| With the Senate Select Committee on Intelligence expecting a transparent military audit on UFOs by December, the brass is warming up by blowing off its own foot. No sooner had the History channel wrapped the finale of its “Unidentified” second season last weekend, than John Greenewald’s Black Vault detailed a bureaucracy’s determination to stonewall at the expense of its own internal logic. And in so doing, the Navy has demonstrated it won’t hesitate to toss its own people under the bus to cling to an increasingly uneasy status quo.
Greenewald’s coup, published Monday, is the latest dispatch
By Billy Cox
from his long-running FOIA odyssey to learn more about the military’s UFO investigation, the Advanced Aerospace Threat Identification Program. What it tells us is that the Defense Department not only continues to deny that former Office of Undersecretary of Defense for Intelligence agent Luis Elizondo ran the AATIP show, despite ample evidence to the contrary. The Navy’s counsel, Judge Advocate General’s Litigation Division, now says it can find – get this – “no evidence” that its own PIO stated for the record that “The AATIP program involved offices across the Department of Defense, including Navy.” Even though the Pentagon subsequently confirmed to Greenewald that, yep, the Navy PIO actually did issue “an accurate statement.” And blink, just like that, the Navy JAG just turned itself into a cartoon panel right out of “Family Circus.”
Want more? The legal department also insists that all AATIP records – “if they ever existed,” and that covers all documents, photos, vids, emails, etc. – “may have been permanently transferred, destroyed or otherwise no longer able to be located by the (Initial Denial Authority).”
May have been. But the Navy’s top legal eagle doesn’t even know for sure “if they ever existed.” Perfect.
Anyone sitting on the Senate Intel Committee expecting a routine accounting of what the military does and doesn’t know about The Great Taboo is naïve and should maybe recuse themselves to preserve the integrity of this inquiry. Yes, it’s fabulous that the Pentagon acknowledges it’s in damage-control mode now and needs a platform to reassure taxpayers that it’s on top of this longstanding national-security breach. On August 4, it established the Unidentified Aerial Phenomena Task Force, naming Deputy Defense Secretary David Norquist to coordinate the effort. The bio suggests Norquist is a stickler for details. But the project will continue to operate under the Navy umbrella. Which means this is going to be a long slog, likely rutted with misdirection and evasion.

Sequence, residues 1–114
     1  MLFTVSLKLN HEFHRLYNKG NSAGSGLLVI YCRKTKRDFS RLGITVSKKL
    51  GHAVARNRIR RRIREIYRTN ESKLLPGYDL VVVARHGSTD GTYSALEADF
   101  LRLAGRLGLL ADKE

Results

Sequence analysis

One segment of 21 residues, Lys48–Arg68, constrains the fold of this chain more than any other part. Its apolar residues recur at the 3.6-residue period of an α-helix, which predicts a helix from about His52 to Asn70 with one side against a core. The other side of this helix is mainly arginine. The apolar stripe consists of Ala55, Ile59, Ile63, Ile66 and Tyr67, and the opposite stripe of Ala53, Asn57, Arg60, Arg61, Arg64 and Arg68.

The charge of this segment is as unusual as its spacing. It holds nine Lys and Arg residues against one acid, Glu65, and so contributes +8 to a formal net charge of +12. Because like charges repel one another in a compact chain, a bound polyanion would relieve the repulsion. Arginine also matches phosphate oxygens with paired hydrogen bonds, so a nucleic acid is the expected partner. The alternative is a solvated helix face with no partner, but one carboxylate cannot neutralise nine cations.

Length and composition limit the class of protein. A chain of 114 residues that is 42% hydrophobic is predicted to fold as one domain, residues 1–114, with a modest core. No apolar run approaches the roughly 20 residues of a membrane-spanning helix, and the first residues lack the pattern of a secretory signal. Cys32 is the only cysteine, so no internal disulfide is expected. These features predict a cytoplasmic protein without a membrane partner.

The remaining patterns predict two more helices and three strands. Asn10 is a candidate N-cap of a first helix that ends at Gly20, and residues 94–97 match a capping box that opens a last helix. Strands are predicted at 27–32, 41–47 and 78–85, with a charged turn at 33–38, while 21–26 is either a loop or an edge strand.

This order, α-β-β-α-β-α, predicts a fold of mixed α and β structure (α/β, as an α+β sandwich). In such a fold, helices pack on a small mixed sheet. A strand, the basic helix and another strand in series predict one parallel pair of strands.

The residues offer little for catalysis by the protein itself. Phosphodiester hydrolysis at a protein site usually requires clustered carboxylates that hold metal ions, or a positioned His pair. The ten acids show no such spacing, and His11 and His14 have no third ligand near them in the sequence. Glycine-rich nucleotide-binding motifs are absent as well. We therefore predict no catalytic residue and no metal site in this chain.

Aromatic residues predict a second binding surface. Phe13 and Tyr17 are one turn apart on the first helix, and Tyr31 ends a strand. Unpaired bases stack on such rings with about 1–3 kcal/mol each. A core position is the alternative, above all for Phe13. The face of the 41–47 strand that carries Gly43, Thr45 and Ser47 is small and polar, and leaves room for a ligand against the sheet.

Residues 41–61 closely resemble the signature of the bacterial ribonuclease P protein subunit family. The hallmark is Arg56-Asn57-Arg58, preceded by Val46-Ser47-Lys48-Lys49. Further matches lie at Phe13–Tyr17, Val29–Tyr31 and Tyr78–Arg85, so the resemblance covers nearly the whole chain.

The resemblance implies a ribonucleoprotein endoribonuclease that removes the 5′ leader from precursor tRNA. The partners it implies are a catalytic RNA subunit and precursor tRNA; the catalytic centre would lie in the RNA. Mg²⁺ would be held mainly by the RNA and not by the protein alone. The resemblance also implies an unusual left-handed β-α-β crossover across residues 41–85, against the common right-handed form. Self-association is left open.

It’s not hard to figure why powerful corners of the defense establishment are still trying to discredit retired counterintelligence operator Elizondo. This is the guy who actually took his UFO assignment seriously enough to march his mission statement and those jet-fighter videos to the NY Times in 2017 after he couldn’t unclog his findings from the stovepipe and shoot it up the chain of command. Furthermore, this summer, Elizondo and History’s eight-part series left a trail of breadcrumbs so obvious for lawmakers to follow that even Mr. Magoo could read the map.
The most promising trail leads to North American Aerospace Defense Command, which watches everything in the continental skies. NORAD uses an international treaty with Canada to shield its data from the prying eyes of FOIA. In “Unidentified’s” S2E5, retired USAF Col. Jim Cobb and onetime Senior Command Director at NORAD’s base in Cheyenne Mountain went on camera to tell producers about an incident that left “the entire room standing” in 2008.
Sensors tracked a southbound blip without a transponder as it traversed the entire U.S. eastern seaboard. The bogey’s flight path into commercial corridors was so unnerving, multiple squadrons of warplanes were scrambled to investigate; unfortunately, the pilots may have had better luck on a snipe hunt. Which begs the question: How many unknowns like that are in the NORAD case files? And where’s the Air Force? Remember those guys?
But Elizondo and his To The Stars Academy colleagues collaborating on “Unidentified” didn’t stop at NORAD. They didn’t stop with a presentation on UFOs’ unimpeded surveillance of American nuclear assets. Or with riveting personal testimony from dozens of military eyewitnesses, pilots, and other trained observers.